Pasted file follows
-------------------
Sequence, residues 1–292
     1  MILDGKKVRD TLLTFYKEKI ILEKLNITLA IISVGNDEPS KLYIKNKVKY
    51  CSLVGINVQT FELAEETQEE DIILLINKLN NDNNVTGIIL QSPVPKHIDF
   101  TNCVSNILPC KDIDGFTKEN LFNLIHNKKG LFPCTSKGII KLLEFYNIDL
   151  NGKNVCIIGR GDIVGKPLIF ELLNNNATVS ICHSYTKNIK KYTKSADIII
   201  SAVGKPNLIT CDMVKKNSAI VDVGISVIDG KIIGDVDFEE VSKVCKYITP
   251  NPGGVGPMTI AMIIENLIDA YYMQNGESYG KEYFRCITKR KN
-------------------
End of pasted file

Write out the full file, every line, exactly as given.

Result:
Sequence, residues 1–292
     1  MILDGKKVRD TLLTFYKEKI ILEKLNITLA IISVGNDEPS KLYIKNKVKY
    51  CSLVGINVQT FELAEETQEE DIILLINKLN NDNNVTGIIL QSPVPKHIDF
   101  TNCVSNILPC KDIDGFTKEN LFNLIHNKKG LFPCTSKGII KLLEFYNIDL
   151  NGKNVCIIGR GDIVGKPLIF ELLNNNATVS ICHSYTKNIK KYTKSADIII
   201  SAVGKPNLIT CDMVKKNSAI VDVGISVIDG KIIGDVDFEE VSKVCKYITP
   251  NPGGVGPMTI AMIIENLIDA YYMQNGESYG KEYFRCITKR KN